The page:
Louisville’s citizens have an intense dedication to promoting what is unique about their culture and city, including its creative capital. It is no surprise, then, that Louisville has an active local and regional cadre of young contemporary artists. No two people champion these artists like real estate developer Larry Shapin and Ladonna Nicolas. I chatted with them about their collection of more than 400 works, on view at their home and an attached gallery, to learn what motivates them.
What is most charming about this collecting pair is their lack of pretention. When asked how they began collecting, Nicolas casually laughed and replied, “I’m a shopaholic.” Shapin was actually the first to begin collecting. He recalls, “I think the first piece I bought was in ’72. I went to a party and I saw this one piece, Frilly Lillies … I just liked it and bought it for around $500. That was a lot of money back then. It turns out she has become the most famous artist in Kentucky—Mary Ann Currier. And that piece is worth a whole lot of money now.”
For Shapin, it was not Currier’s reputation, but his attraction to the work and the artist that really compelled him to make that first purchase. He says, “I became friends with Mary Ann. She has come over a lot, and has brought over a lot of young students to see [the collection].” Nicolas adds, “I think most people should collect what they like. That’s what we do. Some collectors are told what to collect, like this is someone who is going to make you a lot of money.” Shapin adds, “Or they collect the ‘blue chip’ artists everyone knows about.”
Obviously, Shapin and Nicolas are not motivated by the potential investment benefits of collecting. They are compelled, quite personally, by the artists and the stories they tell. They try to attend every gallery opening and art event to support the artists and the institutions that show them. When they talk about a piece, like Alli Wiles’s 192.6 mi of 2013, they often reference the exhibition and venue, and relay the story behind the work. Nicolas remembers the circumstances for the purchase of the work, “The LVAA [Louisville Visual Art Association] had a show at Public that was all light boxes, and each artist was given a light box to do something. Alli Wiles is a runner. She tagged a piece of paper to the bottom of her shoe and ran her route, I think for many days. Then she wrote the date, the time, and the distance on the paper and sewed them all together. It’s also like performance art.”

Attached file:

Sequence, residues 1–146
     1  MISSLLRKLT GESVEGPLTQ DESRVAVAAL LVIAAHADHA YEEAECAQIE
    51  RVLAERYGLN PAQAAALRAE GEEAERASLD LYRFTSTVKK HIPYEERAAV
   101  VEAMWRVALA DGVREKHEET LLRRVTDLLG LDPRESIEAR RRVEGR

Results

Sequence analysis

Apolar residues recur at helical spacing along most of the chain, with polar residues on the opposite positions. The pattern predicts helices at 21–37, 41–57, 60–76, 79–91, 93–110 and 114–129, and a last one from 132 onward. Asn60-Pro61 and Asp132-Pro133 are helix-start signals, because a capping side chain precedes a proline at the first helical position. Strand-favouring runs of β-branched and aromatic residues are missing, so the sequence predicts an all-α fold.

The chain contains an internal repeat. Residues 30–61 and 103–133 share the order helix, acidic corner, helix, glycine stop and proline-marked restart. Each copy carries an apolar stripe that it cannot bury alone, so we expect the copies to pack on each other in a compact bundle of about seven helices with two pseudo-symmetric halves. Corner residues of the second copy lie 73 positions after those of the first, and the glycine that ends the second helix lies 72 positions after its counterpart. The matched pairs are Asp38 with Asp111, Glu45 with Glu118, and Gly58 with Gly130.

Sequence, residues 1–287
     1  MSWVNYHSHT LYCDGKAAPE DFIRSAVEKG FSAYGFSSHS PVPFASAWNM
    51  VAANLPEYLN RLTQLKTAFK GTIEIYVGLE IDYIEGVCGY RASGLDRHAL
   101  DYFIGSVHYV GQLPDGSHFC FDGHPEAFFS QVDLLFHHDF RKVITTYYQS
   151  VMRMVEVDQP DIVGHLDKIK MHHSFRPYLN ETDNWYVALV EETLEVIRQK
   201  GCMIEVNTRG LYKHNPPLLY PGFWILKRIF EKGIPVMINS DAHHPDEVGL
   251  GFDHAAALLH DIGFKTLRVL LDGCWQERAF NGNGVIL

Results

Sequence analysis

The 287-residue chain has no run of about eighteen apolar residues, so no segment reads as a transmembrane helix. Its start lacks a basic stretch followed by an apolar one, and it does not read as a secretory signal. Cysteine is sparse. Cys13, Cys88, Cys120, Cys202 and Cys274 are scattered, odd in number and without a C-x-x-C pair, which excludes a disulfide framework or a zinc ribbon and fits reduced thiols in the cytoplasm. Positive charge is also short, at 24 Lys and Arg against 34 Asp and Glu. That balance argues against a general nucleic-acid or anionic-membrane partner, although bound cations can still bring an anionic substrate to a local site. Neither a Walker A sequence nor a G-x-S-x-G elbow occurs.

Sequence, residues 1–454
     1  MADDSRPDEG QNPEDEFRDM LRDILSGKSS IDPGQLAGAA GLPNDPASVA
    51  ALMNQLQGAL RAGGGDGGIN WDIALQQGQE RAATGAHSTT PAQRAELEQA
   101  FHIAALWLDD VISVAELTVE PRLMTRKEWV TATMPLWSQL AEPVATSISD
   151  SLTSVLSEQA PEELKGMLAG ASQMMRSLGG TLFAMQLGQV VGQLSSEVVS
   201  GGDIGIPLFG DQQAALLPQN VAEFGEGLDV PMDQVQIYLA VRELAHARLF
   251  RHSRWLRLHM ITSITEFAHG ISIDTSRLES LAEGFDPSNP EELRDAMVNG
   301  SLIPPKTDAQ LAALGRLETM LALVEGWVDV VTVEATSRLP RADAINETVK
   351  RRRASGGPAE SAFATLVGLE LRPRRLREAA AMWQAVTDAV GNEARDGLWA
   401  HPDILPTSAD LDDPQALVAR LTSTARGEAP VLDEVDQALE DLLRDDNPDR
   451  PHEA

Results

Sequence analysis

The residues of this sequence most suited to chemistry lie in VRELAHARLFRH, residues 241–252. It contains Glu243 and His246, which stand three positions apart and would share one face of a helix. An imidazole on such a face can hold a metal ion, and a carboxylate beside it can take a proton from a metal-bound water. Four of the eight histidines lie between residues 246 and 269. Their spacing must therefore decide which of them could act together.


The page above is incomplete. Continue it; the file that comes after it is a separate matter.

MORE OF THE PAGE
Many of the works in the collection have a biographical quality like Wiles’s. However, as Shapin points out, “A lot of the work is so personal, they make art out of tragedies.” Gesturing toward a series of photographs of crumpled tissues by Hallie DeCatherine Jones titled RE:Live, 2008, Nicolas and Shapin tag-team explaining the work. Nicolas says, “Larry really likes this piece. [Jones] and Aron Conaway run the Mammoth. But years ago they had a place called the Lava House, and it was a kind of an artist co-op in the Germantown area, in a warehouse. They had a fire, and their watchman was killed and everything burned down. A lot of people lost a lot.” Shapin continues, “Hallie wrote an explanation. She cried for two days because the caretaker died in the fire. She was wearing her coat about a year later when she found the tissues. She had cried on them for two days, so those meant a lot to her.”